Mortgage Rates Dip, Inventory on the Rise

Mortgage Rates Dip, Inventory on the Rise

July 18, 2013

iStock_000012512439SmallAfter a dramatic rise over the past month, mortgage rates trended downward this week. Key rates cooled, along with worries that the Federal Reserve would taper its massive stimulus policies — a bond-purchase program involving $85 million worth of Treasury notes and mortgage-backed securities. Even after the monthlong surge, rates remain historically low and continue to fuel both the housing recovery and growth within the economy.

Testifying before the House Financial Service Committee this week, Federal Reserve Chairman Ben Bernanke indicated that the Fed has no firm timeline in place for scaling its bond purchase program. Rates had spiked due to speculation that the Fed would be curbing the buyback program that has helped the housing market stabilize.

“We really are seeing an increase in inventory that has come in, just in the last couple months,” said spokesperson Leslie Piper in a recent interview with Mark Crumpton on Bloomberg Television’s “Bottom Line.” “We’re seeing a lot of consumer confidence; we’re seeing employment rates go up. That’s obviously going to affect the amount of buyers out there.”

After hitting a two-year high a week ago, the average rate on a 30-year fixed mortgage saw a 0.14 percentage-point drop, according to the latest survey by mortgage lender Freddie Mac. Previously at 4.51 percent, the average rate on a 30-year fixed loan dropped to 4.37 percent. It had neared a historic low as recently as early May before spiking in July.

The average rate on a 15-year fixed loan saw its own decrease, dropping by 0.12 percentage point from 3.53 percent a week ago to 3.41 percent this week. It previously achieved a historic low in early May, when it fell to 2.56 percent and averaged 2.83 percent a year ago at this time.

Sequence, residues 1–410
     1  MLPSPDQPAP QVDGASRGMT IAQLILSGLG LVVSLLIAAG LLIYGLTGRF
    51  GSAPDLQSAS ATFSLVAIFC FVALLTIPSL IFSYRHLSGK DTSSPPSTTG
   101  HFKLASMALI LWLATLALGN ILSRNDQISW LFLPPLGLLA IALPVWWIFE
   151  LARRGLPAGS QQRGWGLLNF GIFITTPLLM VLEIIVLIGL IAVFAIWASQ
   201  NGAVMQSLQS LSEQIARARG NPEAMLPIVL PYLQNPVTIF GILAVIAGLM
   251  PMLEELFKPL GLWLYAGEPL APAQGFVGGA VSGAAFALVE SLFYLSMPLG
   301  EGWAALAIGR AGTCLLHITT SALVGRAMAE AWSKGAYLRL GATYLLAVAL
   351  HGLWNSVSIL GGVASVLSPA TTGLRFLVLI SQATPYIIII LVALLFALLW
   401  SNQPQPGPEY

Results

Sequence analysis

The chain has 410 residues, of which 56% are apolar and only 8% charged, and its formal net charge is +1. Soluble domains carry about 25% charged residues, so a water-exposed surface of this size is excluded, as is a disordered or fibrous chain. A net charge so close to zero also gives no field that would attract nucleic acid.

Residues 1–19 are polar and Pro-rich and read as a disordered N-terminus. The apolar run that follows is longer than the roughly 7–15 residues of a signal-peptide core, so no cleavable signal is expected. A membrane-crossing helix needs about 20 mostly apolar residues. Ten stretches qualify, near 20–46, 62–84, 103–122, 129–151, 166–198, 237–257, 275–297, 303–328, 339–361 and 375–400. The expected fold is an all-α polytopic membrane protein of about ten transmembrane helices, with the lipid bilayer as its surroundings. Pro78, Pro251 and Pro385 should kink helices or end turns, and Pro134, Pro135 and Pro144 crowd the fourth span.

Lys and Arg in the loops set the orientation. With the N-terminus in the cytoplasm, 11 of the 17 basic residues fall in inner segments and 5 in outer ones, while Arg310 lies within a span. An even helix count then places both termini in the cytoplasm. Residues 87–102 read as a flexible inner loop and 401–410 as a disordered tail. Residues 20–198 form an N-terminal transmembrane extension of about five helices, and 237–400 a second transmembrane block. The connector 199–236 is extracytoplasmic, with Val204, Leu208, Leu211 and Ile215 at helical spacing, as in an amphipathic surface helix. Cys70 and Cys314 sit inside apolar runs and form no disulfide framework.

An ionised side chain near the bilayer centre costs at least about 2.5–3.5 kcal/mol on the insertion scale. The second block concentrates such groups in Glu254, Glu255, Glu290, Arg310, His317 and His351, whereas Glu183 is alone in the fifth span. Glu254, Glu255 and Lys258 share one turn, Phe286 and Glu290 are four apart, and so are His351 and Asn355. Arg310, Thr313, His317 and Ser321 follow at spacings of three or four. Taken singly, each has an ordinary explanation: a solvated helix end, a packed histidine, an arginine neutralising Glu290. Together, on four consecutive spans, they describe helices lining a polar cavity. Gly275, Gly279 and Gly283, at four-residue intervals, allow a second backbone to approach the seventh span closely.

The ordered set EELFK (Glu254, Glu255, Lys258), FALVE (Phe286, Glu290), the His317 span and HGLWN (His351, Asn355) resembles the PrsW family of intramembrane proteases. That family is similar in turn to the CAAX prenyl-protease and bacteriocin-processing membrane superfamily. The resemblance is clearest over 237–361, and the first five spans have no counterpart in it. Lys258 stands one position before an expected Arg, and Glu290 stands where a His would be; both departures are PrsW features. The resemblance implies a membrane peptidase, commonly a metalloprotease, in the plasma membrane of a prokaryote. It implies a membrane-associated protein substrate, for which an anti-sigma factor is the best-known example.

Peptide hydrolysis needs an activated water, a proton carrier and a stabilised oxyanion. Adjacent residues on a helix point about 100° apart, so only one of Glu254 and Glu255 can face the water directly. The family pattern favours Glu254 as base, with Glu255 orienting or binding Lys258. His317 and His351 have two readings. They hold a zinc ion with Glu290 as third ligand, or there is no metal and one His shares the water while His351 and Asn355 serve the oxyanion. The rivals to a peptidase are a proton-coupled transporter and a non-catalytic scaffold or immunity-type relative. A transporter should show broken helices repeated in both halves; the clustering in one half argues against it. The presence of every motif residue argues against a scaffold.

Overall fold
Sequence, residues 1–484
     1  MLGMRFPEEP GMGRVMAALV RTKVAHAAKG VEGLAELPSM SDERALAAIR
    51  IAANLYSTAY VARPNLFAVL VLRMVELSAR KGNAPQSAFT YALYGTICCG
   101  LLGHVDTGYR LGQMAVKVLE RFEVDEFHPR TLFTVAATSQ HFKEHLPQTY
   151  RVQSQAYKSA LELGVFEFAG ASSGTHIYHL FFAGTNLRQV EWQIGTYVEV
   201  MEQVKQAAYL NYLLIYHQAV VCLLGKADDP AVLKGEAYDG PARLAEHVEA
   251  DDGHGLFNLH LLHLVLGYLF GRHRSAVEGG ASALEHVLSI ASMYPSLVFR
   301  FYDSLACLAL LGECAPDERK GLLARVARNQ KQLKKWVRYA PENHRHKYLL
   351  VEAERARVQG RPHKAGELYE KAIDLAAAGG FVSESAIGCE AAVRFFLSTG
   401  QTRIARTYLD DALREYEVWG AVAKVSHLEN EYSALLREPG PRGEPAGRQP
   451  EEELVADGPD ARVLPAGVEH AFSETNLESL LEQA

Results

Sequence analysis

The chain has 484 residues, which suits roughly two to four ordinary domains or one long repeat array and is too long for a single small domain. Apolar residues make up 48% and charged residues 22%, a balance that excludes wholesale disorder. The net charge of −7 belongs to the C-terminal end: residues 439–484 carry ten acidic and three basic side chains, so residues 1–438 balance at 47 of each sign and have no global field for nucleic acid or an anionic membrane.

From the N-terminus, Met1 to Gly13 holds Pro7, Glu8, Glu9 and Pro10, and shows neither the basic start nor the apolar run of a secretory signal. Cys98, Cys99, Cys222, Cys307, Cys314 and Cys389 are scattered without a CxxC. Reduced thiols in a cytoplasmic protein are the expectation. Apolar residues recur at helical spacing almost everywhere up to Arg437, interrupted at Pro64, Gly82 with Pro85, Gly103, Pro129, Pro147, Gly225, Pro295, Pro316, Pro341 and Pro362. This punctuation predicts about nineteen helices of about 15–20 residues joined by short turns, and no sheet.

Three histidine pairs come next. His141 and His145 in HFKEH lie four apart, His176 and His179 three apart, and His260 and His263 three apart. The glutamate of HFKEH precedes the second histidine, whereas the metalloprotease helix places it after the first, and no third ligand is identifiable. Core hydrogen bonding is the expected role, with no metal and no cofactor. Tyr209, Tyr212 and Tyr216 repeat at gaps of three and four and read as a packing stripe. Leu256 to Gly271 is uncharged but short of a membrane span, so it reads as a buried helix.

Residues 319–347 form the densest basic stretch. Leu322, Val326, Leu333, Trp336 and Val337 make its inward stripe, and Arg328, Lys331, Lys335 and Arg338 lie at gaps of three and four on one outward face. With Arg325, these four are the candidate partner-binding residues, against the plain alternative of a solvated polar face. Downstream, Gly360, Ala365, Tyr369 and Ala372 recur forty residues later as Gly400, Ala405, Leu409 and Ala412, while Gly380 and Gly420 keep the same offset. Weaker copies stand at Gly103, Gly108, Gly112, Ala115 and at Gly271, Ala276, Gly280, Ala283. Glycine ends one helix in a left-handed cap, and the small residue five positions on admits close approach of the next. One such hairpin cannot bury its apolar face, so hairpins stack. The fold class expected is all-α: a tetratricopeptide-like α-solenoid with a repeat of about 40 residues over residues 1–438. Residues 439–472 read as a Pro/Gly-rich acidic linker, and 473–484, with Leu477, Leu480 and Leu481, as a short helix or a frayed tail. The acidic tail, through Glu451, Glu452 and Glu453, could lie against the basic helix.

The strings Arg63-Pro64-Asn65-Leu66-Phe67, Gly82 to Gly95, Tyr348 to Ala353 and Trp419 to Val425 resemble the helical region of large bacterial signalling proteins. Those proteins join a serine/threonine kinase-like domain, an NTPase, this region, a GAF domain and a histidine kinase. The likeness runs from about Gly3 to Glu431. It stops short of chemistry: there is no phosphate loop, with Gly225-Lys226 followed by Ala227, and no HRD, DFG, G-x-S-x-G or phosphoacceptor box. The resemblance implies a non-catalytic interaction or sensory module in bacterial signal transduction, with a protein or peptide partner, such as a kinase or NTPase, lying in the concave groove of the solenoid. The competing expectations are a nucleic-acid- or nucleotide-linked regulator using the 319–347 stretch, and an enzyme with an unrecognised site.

Affordable loans continue to have a positive impact on the once-depressed housing market. The recent release of the Fed Beige book didn’t yield any surprises on the outlook of housing growth, according to mortgage expert Al Bowman. However, the report did indicate positive gains across the United States.

[The Beige Report] showed that most Fed regions reports modest to moderate economic growth during the period of June and early July. One thing worth noting was an indication of housing growth in all regions with some reporting strong gains. The Fed relies heavily on this report when they meet for their FOMC meetings to decide monetary policy, but there didn’t appear to be anything in the report that should alter theories of the Fed’s next move or mortgage rate direction.

The average rate on a 5-year hybrid adjustable loan also saw a decrease week over week, falling to 3.17 percent from 3.26 percent a week ago. For the fourth consecutive week, the average on a 1-year hybrid remained static at 2.66 percent.

For home buyers hoping to take advantage of the low interest rates, now may be the time to act. In the latest Mortgage Rate Trend Index by, 56 percent of the analysts and experts polled believe mortgage rates will go down over the next week. “Mortgage rates seem to be retreating slightly as the Fed tries to calm the markets,” says Polyana da Costa, senior mortgage reporter for “But after rising more than a full percentage point in such a short period, a slight drop in rates won’t make that much of a difference to most borrowers.”

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